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    1. You have been reading a lot of new authors, Col, and I am sure that they appreciate it.

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  7. Tracy, I have had several occasions to read Leslie Thomas but for some reason never read his novels. He was very prolific.

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    1. I did see that he had written lots of books, Prashant. Some of them sound interesting.

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  8. I'm always impressed by your lists, you always have a great and varied collection, a mixture of books I've read and ones I'm intrigued by. I have a faint memory of the headhunter mystery from the late 80s, I must look up to see if I ever read that one. Was it part of a series?

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    1. Thanks, Moira. The headhunter book is part of a series, about eight books I think. I wasn't that thrilled with this first book in the series, but I have at least one more I am determined to read and there is one that features a Broadway show (I think) that sounded good.

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  9. I can't remember the names of the books at this point, but one book with Anna Pigeon takes place in an underground cave -- and this park ranger has claustrophobia. Interesting.

    Also, another one that takes place among Indigenous peoples' ruins where a huge fire breaks out is interesting, too. I learned a lot about fire-fighting in that situation.

    And, I'm excited about Michael Connelly starting a new series featuring a woman cop. While I don't always think male writers write about women protagonists realistically, I'm going to give Connelly the benefit of the doubt and read, "The Late Show." My library has it now.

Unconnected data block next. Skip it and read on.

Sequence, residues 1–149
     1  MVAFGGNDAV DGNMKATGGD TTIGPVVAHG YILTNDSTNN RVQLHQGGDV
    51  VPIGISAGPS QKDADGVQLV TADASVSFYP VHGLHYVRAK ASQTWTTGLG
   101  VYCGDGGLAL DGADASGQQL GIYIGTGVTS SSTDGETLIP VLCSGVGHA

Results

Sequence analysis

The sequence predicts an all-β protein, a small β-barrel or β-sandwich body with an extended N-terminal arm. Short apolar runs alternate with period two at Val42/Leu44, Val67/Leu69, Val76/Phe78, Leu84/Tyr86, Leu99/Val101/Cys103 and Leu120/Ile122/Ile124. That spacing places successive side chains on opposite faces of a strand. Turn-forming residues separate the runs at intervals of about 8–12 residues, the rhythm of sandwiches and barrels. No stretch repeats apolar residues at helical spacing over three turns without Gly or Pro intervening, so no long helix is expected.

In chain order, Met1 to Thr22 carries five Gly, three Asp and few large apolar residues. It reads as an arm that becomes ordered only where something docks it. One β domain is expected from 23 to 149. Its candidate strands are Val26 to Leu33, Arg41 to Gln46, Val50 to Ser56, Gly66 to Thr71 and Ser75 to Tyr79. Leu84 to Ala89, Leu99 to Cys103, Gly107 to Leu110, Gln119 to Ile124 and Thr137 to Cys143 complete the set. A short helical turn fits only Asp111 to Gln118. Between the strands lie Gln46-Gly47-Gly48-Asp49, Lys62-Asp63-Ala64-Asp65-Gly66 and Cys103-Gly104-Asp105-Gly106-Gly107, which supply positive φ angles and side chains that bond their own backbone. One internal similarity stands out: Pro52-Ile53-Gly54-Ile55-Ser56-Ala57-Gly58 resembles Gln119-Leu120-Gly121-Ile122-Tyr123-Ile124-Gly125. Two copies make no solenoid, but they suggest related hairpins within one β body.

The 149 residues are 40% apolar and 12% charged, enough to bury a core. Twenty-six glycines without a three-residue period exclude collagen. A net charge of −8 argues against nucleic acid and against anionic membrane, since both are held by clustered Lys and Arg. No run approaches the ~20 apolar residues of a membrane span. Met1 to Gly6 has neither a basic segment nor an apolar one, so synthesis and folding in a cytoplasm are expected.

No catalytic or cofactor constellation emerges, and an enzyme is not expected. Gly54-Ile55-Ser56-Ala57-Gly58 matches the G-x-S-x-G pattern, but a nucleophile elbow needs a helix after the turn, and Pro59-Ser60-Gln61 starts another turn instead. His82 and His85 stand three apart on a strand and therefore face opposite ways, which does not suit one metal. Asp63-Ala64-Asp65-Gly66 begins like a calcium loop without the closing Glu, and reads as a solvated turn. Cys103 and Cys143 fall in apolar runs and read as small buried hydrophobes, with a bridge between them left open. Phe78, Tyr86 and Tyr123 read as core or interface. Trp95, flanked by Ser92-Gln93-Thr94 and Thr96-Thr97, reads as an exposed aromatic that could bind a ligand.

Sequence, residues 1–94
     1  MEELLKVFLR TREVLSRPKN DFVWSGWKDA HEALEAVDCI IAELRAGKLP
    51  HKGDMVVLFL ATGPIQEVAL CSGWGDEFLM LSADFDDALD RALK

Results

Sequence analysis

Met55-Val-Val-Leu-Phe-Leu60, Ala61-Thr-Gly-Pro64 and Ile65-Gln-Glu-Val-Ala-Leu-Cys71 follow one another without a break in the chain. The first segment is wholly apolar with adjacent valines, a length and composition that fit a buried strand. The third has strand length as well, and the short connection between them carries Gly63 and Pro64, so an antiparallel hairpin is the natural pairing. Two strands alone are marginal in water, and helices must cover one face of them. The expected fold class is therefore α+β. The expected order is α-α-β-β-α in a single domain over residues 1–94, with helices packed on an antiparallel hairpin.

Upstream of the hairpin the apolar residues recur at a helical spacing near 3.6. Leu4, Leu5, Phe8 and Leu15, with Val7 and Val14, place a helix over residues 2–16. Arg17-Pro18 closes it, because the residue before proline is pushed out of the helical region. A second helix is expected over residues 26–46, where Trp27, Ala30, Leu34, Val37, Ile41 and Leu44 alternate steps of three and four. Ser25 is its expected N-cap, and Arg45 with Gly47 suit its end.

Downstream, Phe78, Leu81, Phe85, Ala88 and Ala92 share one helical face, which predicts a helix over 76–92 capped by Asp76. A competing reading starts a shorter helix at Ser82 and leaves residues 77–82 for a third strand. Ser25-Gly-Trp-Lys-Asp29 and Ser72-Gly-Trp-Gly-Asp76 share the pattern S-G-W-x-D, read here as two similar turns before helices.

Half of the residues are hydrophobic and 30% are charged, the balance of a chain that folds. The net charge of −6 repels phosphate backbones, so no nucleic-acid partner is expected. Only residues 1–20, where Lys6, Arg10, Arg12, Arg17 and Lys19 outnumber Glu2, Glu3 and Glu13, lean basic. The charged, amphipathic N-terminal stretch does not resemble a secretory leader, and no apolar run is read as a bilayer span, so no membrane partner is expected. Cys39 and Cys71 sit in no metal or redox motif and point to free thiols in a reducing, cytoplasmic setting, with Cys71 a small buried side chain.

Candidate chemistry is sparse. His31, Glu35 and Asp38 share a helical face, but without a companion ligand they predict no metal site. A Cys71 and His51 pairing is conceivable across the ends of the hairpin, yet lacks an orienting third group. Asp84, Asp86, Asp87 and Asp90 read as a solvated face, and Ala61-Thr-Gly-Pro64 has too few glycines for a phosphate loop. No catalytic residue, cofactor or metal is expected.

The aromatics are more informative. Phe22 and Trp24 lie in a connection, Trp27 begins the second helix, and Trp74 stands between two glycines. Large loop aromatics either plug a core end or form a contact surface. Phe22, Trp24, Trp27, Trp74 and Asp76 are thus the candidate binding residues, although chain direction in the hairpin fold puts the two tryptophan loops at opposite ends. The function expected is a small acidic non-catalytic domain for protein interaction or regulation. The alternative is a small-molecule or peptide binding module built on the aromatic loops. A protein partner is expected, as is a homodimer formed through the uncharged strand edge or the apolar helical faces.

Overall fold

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    1. Kathy, I am very interested in the two books about fires and fire-fighting (I had read that there were two). We have fires nearly here all the time, although less lately. But we have one really nearby right now. One year we had three fires nearby and a co-worker lost his house in one of them. And a long-time co-worker worked for years as a seasonal firefighter in Alaska putting himself through college. So he had told me a lot about firefighting.

      I had heard about that new Michael Connelly series and I will be giving it a chance too. It would be good to get in at the beginning.

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  10. One of Nevada Barr's books deals with a horrific, large fire. I don't remember the name but her blog can tell you.

    And Australian writer, Adrian Hyland, wrote a non-fiction book about a horrendous fire near where he lives. It sounds good if one wants to read about fire-fighting and a community coping.

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    1. Thanks for those suggestions, Kathy. I have had Hyland on a list to read for a while now but I don't have any books by him. Will have to seek some out. I don't know if I would prefer fiction or non-fiction about a fire. I have read at least one non-fiction book by a firefighter.